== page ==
Lars von Trier vows never to vow again
There’s something about Lars von Trier saying that he’ll no longer make public statements that feels akin to an asthmatic swearing off his inhaler. The director doesn’t simply like to talk -- he can’t get along without it.
And yet this morning, the Danish provocateur -- who came under fire at the Cannes Film Festival this year for saying he was a Nazi who sympathized with Hitler -- has pledged just that. In a typically Dadaist move, Von Trier released a statement Wednesday saying that he'll no longer release statements. The statement indicates that authorities in the Danish region of North Zealand confronted him over his Cannes remarks.
In its entirety, via his publicist’s email account, it reads:
"Today at 2 pm I was questioned by the Police of North Zealand in connection with charges made by the prosecution of Grasse in France from August 2011 regarding a possible violation of prohibition in French law against justification of war crimes. The investigation covers comments made during the press conference in Cannes in May 2011. Due to these serious accusations, I have realized that I do not possess the skills to express myself unequivocally and I have therefore decided from this day forth to refrain from all public statements and interviews."
The revelation that there was an inquiry, now or in August, was news in and of itself; there had been no previous report of an investigation. (It's even unclear what French statute Von Trier may have violated; the country has a law against Holocaust denial, which Von Trier did not engage in. The international organization the Council of Europe has an article that speaks out against "justification of genocide or crimes of humanity," but it's not a law, since the Council of Europe doesn't have the power to make those.)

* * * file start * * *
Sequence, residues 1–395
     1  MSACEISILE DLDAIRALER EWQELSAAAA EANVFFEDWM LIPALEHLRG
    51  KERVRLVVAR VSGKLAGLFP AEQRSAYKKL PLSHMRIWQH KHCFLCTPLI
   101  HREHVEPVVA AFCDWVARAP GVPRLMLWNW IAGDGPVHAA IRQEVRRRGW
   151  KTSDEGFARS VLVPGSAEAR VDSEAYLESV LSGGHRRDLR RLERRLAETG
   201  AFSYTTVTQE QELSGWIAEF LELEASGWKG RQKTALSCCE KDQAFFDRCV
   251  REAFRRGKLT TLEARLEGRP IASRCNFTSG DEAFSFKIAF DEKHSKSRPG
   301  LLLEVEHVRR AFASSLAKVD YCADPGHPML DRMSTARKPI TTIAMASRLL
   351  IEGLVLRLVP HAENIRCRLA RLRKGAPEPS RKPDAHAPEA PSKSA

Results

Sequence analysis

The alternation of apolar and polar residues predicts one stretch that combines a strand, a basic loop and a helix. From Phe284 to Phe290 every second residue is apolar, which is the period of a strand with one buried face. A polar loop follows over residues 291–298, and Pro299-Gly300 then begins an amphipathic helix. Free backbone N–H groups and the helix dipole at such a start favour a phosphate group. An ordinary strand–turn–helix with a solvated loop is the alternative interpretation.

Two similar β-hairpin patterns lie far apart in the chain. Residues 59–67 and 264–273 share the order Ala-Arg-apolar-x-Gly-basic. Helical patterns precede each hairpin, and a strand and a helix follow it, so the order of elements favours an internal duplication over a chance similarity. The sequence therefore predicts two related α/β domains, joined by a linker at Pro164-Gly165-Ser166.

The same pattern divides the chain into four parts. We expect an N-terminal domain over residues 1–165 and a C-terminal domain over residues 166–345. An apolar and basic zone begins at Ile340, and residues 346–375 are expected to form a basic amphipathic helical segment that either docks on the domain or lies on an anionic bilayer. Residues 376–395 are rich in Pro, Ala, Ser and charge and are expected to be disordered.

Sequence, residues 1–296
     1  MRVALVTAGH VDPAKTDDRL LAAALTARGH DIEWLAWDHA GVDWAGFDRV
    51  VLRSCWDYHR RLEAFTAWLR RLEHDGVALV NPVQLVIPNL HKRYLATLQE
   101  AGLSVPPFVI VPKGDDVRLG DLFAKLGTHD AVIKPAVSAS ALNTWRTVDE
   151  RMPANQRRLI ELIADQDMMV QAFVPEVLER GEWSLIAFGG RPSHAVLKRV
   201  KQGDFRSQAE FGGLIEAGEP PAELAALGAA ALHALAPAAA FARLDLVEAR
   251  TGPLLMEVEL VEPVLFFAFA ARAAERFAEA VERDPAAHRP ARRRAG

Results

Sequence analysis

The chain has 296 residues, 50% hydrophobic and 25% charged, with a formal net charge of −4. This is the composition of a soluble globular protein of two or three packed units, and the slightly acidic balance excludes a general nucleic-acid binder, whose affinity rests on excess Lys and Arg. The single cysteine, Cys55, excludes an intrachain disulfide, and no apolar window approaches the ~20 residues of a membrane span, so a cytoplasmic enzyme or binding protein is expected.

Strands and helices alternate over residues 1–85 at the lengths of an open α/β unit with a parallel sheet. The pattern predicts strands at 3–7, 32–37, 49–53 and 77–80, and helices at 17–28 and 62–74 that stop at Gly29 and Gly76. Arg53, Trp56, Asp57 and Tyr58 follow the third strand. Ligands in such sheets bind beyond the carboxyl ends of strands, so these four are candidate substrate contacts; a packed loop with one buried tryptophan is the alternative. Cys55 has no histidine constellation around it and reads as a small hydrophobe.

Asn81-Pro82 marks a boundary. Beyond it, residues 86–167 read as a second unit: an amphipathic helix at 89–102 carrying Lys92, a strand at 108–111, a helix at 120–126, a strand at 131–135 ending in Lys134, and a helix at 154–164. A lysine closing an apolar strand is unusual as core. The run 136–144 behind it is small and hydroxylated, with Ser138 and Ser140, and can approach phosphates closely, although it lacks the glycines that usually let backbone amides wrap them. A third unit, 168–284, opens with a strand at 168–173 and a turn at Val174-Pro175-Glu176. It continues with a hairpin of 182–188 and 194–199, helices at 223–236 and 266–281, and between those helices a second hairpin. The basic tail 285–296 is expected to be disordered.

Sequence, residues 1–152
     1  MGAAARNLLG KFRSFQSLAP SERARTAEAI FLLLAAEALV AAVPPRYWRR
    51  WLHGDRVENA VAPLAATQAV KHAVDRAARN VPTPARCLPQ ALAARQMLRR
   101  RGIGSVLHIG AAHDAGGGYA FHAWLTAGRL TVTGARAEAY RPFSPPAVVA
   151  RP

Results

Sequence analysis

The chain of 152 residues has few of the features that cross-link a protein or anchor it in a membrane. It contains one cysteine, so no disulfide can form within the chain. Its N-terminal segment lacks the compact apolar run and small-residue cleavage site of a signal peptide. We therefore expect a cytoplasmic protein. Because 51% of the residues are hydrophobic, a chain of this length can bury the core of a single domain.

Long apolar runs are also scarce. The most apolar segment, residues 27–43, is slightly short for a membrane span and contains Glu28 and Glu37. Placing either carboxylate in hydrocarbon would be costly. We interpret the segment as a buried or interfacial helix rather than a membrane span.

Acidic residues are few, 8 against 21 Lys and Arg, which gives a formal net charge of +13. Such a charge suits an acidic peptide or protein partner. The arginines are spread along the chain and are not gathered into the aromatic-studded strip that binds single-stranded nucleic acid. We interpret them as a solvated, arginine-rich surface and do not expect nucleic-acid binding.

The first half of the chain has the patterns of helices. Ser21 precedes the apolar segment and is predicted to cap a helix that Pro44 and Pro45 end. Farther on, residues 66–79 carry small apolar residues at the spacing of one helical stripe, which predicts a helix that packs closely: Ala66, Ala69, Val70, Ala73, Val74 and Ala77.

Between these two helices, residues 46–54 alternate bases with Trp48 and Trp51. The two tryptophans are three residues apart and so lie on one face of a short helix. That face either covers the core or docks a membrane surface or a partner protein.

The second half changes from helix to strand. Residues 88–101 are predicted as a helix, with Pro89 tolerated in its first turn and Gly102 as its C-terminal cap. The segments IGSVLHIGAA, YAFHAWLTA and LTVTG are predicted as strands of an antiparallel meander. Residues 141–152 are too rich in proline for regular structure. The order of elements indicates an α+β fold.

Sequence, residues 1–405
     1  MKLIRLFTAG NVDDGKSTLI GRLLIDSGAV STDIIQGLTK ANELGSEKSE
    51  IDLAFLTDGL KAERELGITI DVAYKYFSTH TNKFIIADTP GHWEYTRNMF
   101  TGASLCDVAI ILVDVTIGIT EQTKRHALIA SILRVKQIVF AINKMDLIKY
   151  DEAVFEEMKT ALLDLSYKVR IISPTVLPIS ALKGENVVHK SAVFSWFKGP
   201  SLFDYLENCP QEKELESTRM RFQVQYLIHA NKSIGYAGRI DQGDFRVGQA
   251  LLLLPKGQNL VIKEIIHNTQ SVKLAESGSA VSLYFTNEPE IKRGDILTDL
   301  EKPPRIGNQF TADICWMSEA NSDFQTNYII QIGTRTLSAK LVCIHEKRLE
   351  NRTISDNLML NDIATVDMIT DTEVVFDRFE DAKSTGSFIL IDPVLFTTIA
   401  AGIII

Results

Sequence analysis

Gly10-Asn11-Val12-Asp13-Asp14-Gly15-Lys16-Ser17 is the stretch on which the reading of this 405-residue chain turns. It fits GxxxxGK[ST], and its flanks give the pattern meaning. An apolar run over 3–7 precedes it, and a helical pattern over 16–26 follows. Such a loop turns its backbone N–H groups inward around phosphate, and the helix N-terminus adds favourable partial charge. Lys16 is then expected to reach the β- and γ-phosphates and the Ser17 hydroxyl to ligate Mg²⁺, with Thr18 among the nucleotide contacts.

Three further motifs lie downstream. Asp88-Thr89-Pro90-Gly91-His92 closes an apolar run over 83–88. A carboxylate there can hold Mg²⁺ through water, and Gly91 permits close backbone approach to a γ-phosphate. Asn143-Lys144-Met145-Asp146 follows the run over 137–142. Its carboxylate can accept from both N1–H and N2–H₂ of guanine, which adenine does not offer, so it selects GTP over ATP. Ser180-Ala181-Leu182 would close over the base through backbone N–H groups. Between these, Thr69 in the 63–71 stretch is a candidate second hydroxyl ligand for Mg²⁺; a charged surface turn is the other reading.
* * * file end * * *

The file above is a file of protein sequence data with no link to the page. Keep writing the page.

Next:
Of course, with Von Trier all is performance, even his statement that he won’t give statements. It's worth noting he's made comments to this effect before. In Cannes, he told 24 Frames that he didn't know if he would ever sit for another news conference. "I'm just an idiot that should just stay home in Denmark and never talk to anybody," he said.
Like Terrell Owens, who often seemed to play football to support his press-conference habit, a filmmaker like Von Trier seems incapable of not speaking -- which makes it easy to read his "decision" as some sort of ironic joke. (Takes your best guess at how serious Von Trier is in our poll below.)
Von Trier does have a movie, “Melancholia,” opening in the U.S. on Nov. 11. Most directors prefer to speak in support of their film, and most studios want to encourage that. In this case, though, it may be better all around if Von Trier sticks with his impulse for reticence, fleeting though it may be.
-- Steven Zeitchik
Photo: Lars von Trier. Credit: Francois Mori/Associated Press